Once thought to be found only in legends and poetry, Mycenae was the most powerful city-state in Greece up to 1100 BC when it was destroyed by fire.  The site was discovered in the late 1800's - confirming the existence of a real city and people.

We entered the old city through the Lion Gate -- pictured above -- that dates back to 1240 BC and is considered the oldest sample of monumental sculpture in Europe.  The remains of the city's granary still stand as well a burial grounds and artists quarters.  Traces of grain were found on ceramics excavated there and now on display in the museum to the side of the city.  Finished beadwork, uncut ivory and gold leaf were found in the artists' quarters.

According to Greek mythology Mycenae was founded by Perseus, son of Zeus and Dianae.  He employed Cyclops, mythical beings from Asia to build the city thus the style of architecture is called cyclopean. 

The museum off to the side houses display cases filled with ceramics and art found at the site.
The entry fee was 8E per person which provided access to the city and the museum.  There are restroom facilities on site as well as a snack bar.  And numerous fellow visitors were using canes to get around but easily managed the well maintained - but sometimes steep - stairways.

Thursday, October 21, 2010

999 Steps Up the Wall

The Venetian Fortress towers over Nafplion, another reminder of the time the area was under their rule. Its thick wall provided protection from invaders but these days the gates are open and the invaders come in the form of tourists.

                   Stairway to the fortress
There are two ways to get to the fortress:  by vehicle or on foot. On foot means a climb up 999 stairs that zig-zag up the face of the cliff that I have pictured at the start of this post.  Yes, we walked. 999 up and 999 down. . .and that just got us to the fortress, then we climbed more steps and ramps that criss-cross the interior and lead to jaw-dropping views. Tourist information varied, one place said 850 stairs and others said 999 - I counted. The bigger number is correct.

We did it with several 'breathing stops' on the way up. People who suffer vertigo might not want to make the climb, but then they shouldn't be going to the fortress if they don't like heights.. I have to be truthful and add that we both had wobbly knees by the time we returned to the roadway at the base of the cliff.

Each time we do something like this we comment that it is 'pretty good for people our ages'.  That brag was tempered by a man we met heading up as we were heading down.  The elderly white-haired man (much older than us) was dressed in slacks, dress shirt, sweater vest, jacket and used a cane.  "Bon Jour, Madam" he called out to me as I passed.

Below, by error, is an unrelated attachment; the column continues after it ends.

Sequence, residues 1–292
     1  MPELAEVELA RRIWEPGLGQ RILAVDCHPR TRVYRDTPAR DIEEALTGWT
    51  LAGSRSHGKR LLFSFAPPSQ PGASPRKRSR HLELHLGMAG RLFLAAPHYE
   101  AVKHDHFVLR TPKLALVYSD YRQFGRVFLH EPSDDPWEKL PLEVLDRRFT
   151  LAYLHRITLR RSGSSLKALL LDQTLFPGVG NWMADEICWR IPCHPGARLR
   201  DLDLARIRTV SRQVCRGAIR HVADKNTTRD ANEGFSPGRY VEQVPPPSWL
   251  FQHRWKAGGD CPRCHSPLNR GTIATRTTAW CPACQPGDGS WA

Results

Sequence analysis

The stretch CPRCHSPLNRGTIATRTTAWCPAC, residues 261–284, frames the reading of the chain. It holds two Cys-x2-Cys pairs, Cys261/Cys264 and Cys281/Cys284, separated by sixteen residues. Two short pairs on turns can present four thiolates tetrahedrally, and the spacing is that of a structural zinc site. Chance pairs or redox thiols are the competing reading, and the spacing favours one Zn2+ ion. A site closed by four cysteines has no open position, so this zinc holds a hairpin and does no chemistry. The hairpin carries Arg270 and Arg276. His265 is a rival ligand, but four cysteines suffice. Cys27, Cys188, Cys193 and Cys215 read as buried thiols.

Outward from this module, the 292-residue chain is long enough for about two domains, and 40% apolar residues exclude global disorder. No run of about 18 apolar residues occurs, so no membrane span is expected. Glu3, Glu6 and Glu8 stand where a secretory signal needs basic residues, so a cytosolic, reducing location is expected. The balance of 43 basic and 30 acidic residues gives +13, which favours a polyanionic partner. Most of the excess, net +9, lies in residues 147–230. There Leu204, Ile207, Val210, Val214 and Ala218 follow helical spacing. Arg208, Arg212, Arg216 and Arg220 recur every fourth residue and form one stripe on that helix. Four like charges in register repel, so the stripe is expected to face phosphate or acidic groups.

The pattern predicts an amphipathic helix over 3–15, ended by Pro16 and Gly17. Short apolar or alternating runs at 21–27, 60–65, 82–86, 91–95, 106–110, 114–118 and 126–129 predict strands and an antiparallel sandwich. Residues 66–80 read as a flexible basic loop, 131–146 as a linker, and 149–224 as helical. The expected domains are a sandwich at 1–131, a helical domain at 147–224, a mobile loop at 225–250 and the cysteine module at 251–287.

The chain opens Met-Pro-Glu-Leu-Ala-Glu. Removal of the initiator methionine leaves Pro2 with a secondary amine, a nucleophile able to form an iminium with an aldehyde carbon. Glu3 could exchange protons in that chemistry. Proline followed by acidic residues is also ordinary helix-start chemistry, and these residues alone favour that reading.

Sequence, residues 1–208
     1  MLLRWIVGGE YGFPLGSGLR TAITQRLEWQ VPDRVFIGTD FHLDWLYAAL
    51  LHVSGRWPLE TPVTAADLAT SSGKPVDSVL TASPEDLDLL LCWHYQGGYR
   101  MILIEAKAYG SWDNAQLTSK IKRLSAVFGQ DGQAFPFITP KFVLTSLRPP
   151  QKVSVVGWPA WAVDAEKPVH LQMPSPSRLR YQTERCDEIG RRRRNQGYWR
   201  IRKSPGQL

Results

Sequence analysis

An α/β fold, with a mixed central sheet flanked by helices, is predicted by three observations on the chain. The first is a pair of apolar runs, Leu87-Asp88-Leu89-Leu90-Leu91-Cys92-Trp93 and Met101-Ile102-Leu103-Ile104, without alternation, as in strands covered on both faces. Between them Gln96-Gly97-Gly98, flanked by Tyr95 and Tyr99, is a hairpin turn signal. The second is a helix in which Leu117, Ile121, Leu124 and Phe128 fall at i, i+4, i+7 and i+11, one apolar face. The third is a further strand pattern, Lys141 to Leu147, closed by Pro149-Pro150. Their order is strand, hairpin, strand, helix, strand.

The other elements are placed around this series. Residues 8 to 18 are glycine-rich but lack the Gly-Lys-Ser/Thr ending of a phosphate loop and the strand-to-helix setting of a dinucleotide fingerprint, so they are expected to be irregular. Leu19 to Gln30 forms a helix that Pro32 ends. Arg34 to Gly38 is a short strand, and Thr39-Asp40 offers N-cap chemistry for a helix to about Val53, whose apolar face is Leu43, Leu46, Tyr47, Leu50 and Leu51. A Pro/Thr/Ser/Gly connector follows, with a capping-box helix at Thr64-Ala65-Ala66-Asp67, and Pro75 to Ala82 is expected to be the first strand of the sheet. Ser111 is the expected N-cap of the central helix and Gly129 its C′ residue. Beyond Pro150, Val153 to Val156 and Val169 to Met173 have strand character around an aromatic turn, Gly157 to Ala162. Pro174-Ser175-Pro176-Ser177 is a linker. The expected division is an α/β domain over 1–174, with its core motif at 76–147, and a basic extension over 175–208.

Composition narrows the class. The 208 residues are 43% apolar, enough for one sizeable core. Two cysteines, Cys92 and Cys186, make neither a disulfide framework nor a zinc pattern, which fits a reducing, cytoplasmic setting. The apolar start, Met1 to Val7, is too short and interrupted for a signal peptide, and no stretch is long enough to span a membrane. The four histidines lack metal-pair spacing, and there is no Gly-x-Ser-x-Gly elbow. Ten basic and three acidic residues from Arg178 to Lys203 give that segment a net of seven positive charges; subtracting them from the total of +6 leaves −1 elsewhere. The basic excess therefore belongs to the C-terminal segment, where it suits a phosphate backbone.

Wednesday, October 20, 2010

A Room with a View

             Syntagmatos Square from our room
Sometimes, we've decided, it is simply luck. 

No amount of research can turn up a hotel as perfect as one that you simply happen upon.  Such is the case with our 'room with a view' in Nafplion

After finally getting a rental car (thanks to our new friend, Dimitri on Poros, who managed to rouse Pops  Rental Car across the channel when no one else could) we set out in our small Renault on the coastal route, then heading inland for a bit and arriving about 6 pm in the  port town of Nafplion (also called Nafplio and Nafplia).

We had had mixed reviews of Nafplion prior to our arrival:  a German couple told us to skip it, they were so disappointed; yet, the tourist brochure said it was a 'fairy land'.  We are voting for the latter now that we've been here a day - in fact ,we plan to stay here a few days longer.

This city, once the capital of Greece, was under Venetian rule many centuries ago.  The old city, where we are staying, has such a heavy Italian influence that its easy to forget you are in Greece - as evidenced by the town square we overlook. Bouganvillas drape the small cobbled side roads that lead to the main square we overlook..

We happened upon the Hotel Athina on the corner of Syntagmatos Square and inquired about availability - although with its location we expected the rate to be astronomical. . .wrong. They offered a room with breakfast for 50E a night and as we climbed the stairs (no elevator here) Joel asked if any rooms might look out on the square. 

Not only do we have a room with a view - but two views, one balcony looks directly over the square and the other looks back on the Venetian fortress (more on that soon).  Yes, the price is 50E a night. 

And I am heading out to the balcony soon to sip some Greek white wine that we bought today at the farmers market for 2E a liter from the little lady who makes it.  Yes, sometimes, it is simply luck.